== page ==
To handle the interactive nature, some efforts have been made by modeling the recommendation process as a multi-armed bandit (MAB) problem [Li et al.2010, Zhao, Zhang, and Wang2013]. However, these works pre-assume that the underlying user preference remains unchanged during the recommendation process [Zhao, Zhang, and Wang2013] and do not plan for long-run performance explicitly.

Recently, reinforcement learning (RL) [Sutton and Barto1998], which has achieved remarkable success in various challenging scenarios that require both dynamic interaction and long-run planning such as playing games [Mnih et al.2015, Silver et al.2016] and regulating ad bidding [Cai et al.2017, Jin et al.2018], has been introduced to model the recommendation process and shows its potential to handle the interactive nature in IRS [Zheng et al.2018, Zhao et al.2018b, Zhao et al.2018a].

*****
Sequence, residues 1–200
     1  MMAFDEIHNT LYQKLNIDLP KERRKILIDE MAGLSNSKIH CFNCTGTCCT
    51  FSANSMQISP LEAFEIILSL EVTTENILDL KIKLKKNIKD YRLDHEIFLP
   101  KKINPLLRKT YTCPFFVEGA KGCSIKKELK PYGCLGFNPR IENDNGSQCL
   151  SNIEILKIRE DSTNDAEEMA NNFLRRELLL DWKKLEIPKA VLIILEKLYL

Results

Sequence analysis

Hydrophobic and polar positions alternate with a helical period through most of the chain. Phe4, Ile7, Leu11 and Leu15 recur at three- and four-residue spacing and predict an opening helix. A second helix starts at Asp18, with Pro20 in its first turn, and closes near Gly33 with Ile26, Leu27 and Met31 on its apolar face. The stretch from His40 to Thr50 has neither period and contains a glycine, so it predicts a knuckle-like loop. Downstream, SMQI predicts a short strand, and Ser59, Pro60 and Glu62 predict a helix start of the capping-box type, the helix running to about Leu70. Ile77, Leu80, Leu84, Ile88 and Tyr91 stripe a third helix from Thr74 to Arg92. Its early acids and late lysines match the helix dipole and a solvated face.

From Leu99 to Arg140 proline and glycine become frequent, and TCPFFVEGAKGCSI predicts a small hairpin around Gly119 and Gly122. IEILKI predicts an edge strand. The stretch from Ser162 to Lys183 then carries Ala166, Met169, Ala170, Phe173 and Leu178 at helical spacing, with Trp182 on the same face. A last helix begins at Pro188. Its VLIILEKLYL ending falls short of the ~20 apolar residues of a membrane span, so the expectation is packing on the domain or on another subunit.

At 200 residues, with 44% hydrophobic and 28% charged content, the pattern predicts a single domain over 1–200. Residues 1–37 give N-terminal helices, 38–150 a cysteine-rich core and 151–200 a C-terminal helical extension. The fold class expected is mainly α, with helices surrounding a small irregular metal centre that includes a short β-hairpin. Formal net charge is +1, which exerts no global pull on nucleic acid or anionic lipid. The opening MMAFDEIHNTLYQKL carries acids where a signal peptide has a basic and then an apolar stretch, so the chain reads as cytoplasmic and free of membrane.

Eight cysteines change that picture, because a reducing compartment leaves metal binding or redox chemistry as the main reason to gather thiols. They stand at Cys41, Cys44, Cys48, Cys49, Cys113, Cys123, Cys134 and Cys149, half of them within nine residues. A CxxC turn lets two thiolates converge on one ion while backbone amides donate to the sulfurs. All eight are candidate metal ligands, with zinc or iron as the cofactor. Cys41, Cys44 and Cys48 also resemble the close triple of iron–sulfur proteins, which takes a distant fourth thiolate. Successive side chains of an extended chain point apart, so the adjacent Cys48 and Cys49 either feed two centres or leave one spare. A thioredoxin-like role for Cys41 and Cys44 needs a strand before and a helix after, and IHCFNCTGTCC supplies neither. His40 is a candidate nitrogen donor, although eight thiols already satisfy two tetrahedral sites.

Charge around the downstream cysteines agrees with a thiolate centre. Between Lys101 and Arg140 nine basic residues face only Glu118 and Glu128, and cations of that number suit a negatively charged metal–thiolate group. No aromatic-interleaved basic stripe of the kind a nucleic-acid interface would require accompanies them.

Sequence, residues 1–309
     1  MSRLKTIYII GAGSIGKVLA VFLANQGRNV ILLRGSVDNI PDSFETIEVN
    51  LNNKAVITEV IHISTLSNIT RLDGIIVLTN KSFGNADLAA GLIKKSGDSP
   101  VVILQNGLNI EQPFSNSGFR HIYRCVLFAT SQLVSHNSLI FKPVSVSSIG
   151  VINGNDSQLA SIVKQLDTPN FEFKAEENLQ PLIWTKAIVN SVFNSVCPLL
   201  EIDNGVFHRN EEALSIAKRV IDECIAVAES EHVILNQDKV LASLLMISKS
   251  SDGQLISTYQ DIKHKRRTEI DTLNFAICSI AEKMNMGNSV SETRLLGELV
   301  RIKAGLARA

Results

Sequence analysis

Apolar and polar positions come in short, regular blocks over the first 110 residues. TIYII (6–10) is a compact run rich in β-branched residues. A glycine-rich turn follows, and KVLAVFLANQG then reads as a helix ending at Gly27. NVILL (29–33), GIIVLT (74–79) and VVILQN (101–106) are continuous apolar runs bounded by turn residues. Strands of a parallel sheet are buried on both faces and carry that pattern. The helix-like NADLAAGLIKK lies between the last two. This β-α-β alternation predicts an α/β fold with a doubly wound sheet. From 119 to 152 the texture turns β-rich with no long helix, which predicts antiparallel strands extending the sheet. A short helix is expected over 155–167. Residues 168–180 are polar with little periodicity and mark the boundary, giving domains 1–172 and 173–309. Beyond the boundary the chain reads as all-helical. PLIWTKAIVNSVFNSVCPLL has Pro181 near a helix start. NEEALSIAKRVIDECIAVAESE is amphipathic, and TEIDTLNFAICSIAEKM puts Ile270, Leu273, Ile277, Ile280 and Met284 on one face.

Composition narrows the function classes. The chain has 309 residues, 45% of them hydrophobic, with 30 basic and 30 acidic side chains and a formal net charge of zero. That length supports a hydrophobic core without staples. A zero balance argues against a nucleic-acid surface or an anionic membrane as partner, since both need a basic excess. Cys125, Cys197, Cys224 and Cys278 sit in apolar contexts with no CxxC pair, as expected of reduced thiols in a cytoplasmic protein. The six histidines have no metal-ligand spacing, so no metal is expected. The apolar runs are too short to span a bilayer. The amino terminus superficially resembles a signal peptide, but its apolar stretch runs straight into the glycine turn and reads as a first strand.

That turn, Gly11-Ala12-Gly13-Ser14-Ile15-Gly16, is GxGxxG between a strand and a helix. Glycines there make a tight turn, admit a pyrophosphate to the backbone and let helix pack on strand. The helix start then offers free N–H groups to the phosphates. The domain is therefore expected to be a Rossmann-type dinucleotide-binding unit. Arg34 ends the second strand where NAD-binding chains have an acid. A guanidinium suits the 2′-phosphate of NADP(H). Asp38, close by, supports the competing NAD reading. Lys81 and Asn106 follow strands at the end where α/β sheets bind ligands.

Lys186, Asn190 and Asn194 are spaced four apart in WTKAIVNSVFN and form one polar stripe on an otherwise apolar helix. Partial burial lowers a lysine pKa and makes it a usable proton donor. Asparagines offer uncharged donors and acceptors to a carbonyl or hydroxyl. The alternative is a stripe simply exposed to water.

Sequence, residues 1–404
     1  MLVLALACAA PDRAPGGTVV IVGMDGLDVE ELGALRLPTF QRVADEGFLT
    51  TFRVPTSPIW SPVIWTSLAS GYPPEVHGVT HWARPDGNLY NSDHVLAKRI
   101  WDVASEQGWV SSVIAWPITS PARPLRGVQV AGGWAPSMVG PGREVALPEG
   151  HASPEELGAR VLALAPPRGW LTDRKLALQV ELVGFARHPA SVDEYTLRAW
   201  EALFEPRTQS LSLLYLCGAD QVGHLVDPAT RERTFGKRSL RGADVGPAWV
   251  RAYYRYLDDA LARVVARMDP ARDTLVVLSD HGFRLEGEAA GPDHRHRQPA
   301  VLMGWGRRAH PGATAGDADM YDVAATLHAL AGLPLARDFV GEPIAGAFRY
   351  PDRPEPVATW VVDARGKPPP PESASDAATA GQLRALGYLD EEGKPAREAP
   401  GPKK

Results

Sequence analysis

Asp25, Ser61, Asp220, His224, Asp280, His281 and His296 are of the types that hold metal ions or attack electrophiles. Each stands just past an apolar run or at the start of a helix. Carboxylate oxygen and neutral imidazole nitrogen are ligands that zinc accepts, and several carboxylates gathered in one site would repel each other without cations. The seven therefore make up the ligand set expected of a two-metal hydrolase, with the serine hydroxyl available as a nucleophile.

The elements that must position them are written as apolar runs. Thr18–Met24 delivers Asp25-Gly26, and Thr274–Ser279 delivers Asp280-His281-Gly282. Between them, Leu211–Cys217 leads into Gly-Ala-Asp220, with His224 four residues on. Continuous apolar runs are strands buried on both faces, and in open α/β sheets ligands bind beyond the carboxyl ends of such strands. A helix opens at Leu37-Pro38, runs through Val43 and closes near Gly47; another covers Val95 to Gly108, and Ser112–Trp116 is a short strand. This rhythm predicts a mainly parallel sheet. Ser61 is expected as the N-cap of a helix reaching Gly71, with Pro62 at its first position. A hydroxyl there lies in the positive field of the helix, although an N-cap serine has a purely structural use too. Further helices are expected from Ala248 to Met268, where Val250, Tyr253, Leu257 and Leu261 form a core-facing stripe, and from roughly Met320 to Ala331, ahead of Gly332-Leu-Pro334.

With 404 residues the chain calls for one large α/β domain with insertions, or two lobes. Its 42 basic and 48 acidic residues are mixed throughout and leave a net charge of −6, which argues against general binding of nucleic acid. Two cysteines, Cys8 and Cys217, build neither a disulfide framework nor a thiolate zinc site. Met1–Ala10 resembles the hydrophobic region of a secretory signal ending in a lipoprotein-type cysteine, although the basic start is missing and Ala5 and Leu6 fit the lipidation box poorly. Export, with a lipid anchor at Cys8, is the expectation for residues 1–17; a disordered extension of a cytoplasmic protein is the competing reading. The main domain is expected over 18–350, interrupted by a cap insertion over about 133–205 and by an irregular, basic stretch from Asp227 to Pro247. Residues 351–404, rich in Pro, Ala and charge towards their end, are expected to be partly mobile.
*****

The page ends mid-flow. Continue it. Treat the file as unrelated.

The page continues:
However, most existing RL techniques cannot handle the large discrete action space problem in IRS as the time complexity of making a decision is linear to the size of the action space. Specifically, all Deep Q-Network (DQN) based methods [Zheng et al.2018, Zhao et al.2018b] involve a maximization operation taken over the action space to make a decision, which becomes intractable when the size of the action space, i.e., the number of available items, is large [Dulac-Arnold et al.2015], which is very common in IRS. Most Deep Deterministic Policy Gradient (DDPG) based methods [Zhao et al.2018a, Hu et al.2018] also suffer from the same problem as a specific ranking function is applied over all items to pick the one with highest score when making a decision. To reduce the time complexity, dulac2015deep dulac2015deep propose to select the proto-action in a continuous hidden space and then pick the valid item via a nearest-neighbor method. However, such a method suffers from the inconsistency between the learned continuous action and the actually desired discrete action, and thereby may lead to unsatisfied results [Tavakoli, Pardo, and Kormushev2018].